You’re at your desk, looking at a product roadmap. You may or may not have had part in creating it, but buy-in has been won. The strategic vision, path forward, and rough timelines–set. All signs point to GO.

Now it’s your turn. It’s up to you to create a project plan to execute against the product roadmap. In its simplest form, such a plan would come to life by creating an outline and then mapping roadmap elements to that outline. As a result, you’ll end up with a tactical plan and timeline.

But things are never so simple. As project manager, you are like an orchestral director who’s been given music for the upcoming production. Your job is to bring that music to life by managing performers, equipment, schedule, and communications, and it all must come together by opening day.

That’s where this post comes in: with guidance for turning a product roadmap into a successful project plan.

1. Understand the product roadmap you’re working with

Understand the product roadmap

Photo by Jean-Frederic Fortier on Unsplash

A typical product roadmap outlines the scope and value of the product related to business goals.

The roadmap you’re working from is your input. It might resemble SlideShop’s Engineering Roadmap, designed especially for engineering, product, and data science leaders. The deck includes slides to visually convey methodology, as well as process and challenges.

The roadmap you’ve been given may be simpler, or more complex. Either way, spend time with it. Conduct additional research if necessary. And, if you have tough questions, schedule interviews to get answers.

2. Outline the project plan

Outline the project plan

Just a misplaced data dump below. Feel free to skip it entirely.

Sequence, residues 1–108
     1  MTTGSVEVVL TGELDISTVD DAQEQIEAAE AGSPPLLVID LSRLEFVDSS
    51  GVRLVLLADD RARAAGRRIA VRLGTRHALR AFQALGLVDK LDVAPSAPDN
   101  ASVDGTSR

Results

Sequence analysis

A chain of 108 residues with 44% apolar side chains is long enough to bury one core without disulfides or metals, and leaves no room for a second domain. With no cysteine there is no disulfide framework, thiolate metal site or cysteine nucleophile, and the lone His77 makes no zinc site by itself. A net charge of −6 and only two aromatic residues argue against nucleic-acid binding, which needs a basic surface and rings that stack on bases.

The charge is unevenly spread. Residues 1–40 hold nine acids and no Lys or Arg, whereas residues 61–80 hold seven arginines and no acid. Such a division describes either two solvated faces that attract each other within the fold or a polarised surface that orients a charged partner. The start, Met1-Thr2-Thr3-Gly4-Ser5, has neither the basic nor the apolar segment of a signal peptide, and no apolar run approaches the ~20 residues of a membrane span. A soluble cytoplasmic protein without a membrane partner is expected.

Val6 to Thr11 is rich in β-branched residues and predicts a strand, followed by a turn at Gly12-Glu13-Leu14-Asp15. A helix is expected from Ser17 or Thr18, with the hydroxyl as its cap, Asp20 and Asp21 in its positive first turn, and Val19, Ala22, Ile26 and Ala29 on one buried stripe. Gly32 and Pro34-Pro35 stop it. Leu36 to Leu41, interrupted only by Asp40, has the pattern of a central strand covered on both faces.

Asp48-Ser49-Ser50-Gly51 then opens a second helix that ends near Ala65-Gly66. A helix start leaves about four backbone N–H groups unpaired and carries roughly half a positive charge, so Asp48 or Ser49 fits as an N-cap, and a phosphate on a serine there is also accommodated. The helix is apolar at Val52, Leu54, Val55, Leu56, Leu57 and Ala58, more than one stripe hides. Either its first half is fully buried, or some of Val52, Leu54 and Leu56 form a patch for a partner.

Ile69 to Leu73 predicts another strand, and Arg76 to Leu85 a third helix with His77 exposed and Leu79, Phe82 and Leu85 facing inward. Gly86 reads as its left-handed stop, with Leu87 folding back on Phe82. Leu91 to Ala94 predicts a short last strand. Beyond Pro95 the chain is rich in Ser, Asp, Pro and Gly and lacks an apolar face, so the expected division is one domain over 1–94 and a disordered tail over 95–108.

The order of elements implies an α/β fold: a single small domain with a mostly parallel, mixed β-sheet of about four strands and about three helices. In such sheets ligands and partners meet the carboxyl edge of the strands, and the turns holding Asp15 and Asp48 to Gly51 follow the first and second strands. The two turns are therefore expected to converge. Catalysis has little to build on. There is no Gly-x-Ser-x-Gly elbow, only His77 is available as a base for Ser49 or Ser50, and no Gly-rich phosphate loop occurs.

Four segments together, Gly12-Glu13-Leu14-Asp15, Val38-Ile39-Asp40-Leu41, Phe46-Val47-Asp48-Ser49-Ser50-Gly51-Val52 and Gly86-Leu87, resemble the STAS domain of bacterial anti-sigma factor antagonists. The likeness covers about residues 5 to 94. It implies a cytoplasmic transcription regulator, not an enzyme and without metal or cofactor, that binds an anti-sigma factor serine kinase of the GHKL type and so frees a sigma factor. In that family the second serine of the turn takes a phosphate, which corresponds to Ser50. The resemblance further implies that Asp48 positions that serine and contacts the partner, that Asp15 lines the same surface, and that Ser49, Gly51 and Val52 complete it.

Photo by from Pexels

The product roadmap communicates the product’s strategic path and is tied directly to business goals. The project plan includes a comprehensive timeline and is more tactical. It describes how you’ll create the product and who’s managing which elements. Depending on your organization, the plan may be detailed or summarized.

Although your outline may vary, typical project plans include:

  • Goals and objectives
  • Key milestones and tasks
  • Potential risks
  • Resource management
  • Process management
  • Communication management
  • A timeline

3. Work the plan, and keep it updated

Keep the project plan updated

Image: Burgan, S. C. & Burgan, D. S. (2014). One size does not fit all: Choosing the right project approach. Paper presented at PMI® Global Congress 2014—North America, Phoenix, AZ. Newtown Square, PA: Project Management Institute.

Projects have distinct beginning and end points; yours will as well. As you work towards completion—or that magical point of product launch—keep the plan and stakeholders updated on progress and changes.

In the end, you’ll have been responsible for bringing diverse groups, people, skills, and other resources together for a resounding performance. One that allows your company to innovate and introduce its newest product to the world faster.

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